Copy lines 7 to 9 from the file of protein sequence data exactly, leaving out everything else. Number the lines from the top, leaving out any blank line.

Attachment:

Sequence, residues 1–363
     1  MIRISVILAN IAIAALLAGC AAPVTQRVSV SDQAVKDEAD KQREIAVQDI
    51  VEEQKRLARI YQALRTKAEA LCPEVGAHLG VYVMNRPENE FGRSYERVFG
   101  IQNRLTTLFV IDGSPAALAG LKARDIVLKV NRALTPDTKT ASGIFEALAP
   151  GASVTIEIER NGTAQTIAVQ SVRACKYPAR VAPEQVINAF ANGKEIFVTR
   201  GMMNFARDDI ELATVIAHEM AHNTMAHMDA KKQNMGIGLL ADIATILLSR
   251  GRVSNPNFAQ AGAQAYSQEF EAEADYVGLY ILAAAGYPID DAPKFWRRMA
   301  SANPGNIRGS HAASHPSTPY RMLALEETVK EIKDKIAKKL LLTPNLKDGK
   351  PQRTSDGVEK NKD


   251  GRVSNPNFAQ AGAQAYSQEF EAEADYVGLY ILAAAGYPID DAPKFWRRMA
   301  SANPGNIRGS HAASHPSTPY RMLALEETVK EIKDKIAKKL LLTPNLKDGK
   351  PQRTSDGVEK NKD